Published on Friday January 21 2011
Uranium developer Deep Yellow promises that the next 12 months will likely prove beneficial to the company, with the prefeasibility study on its Omahola project, in Namibia, due to be completed this year, and a likely initial resources estimate and scoping study results of a magnetite iron project on the same tenement.
MD Patrick Mutz tells Mining Weekly that the prefeasibility study on the Omahola uranium project, which was initially scheduled for release during December 2010, will be delayed owing to the discovery of a new uranium deposit, dubbed Ongolo Alaskite.
The Ongolo Alaskite deposit will add a third source of ore for the planned Omahola project processing plant, with the Inca and Tubas Red Sands (TRS) deposits providing the balance.
“This is mixed news; the good news is that we have another source of ore to add to our total resources, and that is always positive. “The bad news is that it will cause a delay in the completion of the prefeasibility study because we believe the new mineralisation at Ongolo has the potential to positively affect the prefeasibility study, but we need to demonstrate this with metallurgical testwork,” says Mutz.
He adds that preliminary tests on the new deposit suggest that it contains similar mineralisation to that found in the Inca deposit. However, Inca also contained magnetite, which can potentially be separated from the uranium ore during the processing for sale as a by-product.
An initial resource for the Ongolo Alaskite deposit is expected by the end of March this year and, if proven viable, the deposit will be folded into the Omahola project.
“Preliminary tests certainly suggest that [Ongolo] will fit nicely into the Omahola project, because it hosts very similar mineralisation to the Inca deposit.”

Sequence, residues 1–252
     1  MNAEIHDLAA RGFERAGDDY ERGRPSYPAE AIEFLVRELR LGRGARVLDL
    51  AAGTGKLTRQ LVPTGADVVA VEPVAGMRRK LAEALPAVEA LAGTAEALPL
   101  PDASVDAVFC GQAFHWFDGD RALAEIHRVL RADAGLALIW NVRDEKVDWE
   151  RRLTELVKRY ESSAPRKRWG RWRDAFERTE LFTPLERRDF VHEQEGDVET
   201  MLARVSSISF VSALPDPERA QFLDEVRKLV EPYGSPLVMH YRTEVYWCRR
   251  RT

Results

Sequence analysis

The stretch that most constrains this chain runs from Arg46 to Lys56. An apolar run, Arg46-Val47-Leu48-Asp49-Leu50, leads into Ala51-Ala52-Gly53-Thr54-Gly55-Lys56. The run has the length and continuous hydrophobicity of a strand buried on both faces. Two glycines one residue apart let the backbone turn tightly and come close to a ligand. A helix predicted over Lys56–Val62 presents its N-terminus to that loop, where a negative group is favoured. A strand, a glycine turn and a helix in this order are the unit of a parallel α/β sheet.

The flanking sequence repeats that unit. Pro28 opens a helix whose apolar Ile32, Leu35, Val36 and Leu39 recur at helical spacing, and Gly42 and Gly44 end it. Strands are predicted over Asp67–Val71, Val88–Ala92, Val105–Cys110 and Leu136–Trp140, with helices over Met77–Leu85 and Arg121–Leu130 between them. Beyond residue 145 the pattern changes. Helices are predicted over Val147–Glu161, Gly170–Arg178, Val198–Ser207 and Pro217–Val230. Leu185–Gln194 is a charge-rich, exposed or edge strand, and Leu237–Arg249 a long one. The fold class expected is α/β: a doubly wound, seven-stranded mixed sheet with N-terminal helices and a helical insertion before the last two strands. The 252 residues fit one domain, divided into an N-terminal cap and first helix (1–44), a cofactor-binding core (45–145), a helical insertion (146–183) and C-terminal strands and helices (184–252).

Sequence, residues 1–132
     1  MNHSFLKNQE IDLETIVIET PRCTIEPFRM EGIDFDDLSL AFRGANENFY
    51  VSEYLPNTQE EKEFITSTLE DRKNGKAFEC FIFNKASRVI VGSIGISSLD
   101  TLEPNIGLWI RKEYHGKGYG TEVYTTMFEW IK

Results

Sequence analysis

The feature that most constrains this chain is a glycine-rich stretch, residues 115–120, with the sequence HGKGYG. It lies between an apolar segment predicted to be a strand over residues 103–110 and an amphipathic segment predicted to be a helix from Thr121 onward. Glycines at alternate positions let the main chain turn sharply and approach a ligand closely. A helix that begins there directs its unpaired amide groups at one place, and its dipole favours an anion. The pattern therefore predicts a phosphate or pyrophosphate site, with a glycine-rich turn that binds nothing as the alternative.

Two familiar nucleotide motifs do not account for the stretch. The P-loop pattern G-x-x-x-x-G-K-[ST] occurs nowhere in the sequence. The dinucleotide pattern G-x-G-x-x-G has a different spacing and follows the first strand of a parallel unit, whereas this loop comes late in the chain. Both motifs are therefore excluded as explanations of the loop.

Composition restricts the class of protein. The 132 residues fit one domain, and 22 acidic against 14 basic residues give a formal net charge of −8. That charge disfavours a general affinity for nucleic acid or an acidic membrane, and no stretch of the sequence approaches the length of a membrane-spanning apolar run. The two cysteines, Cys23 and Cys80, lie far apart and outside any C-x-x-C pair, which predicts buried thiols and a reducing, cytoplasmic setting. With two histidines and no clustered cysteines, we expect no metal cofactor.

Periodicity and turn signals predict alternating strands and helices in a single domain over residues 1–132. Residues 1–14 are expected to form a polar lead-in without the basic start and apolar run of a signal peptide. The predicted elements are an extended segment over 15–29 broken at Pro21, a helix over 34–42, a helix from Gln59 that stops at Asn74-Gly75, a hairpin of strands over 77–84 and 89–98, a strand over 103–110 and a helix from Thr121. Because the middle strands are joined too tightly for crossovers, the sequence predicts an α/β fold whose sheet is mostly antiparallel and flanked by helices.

Once the viability of the Ongolo Alaskite deposit has been established, and the Omahola prefeasibility study has been completed, a definitive feasibility study on the project will be undertaken immediately, and will be completed within nine to ten months, says Mutz.
The Omahola plant, which is expected to start production in 2014, will initially produce at a rate of around 1 000 t, or around 2,2-million pounds of uranium a year.
The Inca deposit is estimated to host a mineral resource of 15-million Joint Ore Reserve Committee- (Jorc-) compliant tons, at 405 parts per million (ppm) uranium oxide (U3O8), for 13,4-million pounds contained U3O8.
TRS hosts an inferred resource of 10,7-million Jorc-compliant tons, grading at 158 ppm U3O8, and a measured and indicated resource of 3,2-million tons, grading 168 ppm.
Meanwhile, Mutz says that Deep Yellow has re-evaluated 2008 drilling which identified a 300-m intercept of magnetite iron near the Inca deposit.
Follow-up drilling, in 2010, has clearly identified a magnetite deposit, dubbed the Shiyela iron project, around 15 km south-west of the Inca deposit and closer to the export hub of Walvis Bay. Mutz says that the project is “taking on a life of its own”.
“It is at a point where we expect to have an initial resource on the iron magnetite in that area by the end of March. “We have done the initial testing, which has shown that the material can make a very high-quality magnetite concentrate suitable for export.”
While an initial resource is planned for the first half of 2011, Mutz notes that Deep Yellow will also be undertaking a scoping study on Shiyela during the year.
“We are not looking to shift our focus away from uranium to iron, but we can’t turn our backs on a nonuranium project that has the potential to significantly add value to the company’s bottom line. “So, if it develops into a stand- alone iron project, we will have to decide how best to deal with it so we can keep our focus on our uranium assets – this could mean a joint venture or spinning it off.” Deep Yellow will be attending the Mining Indaba 2011.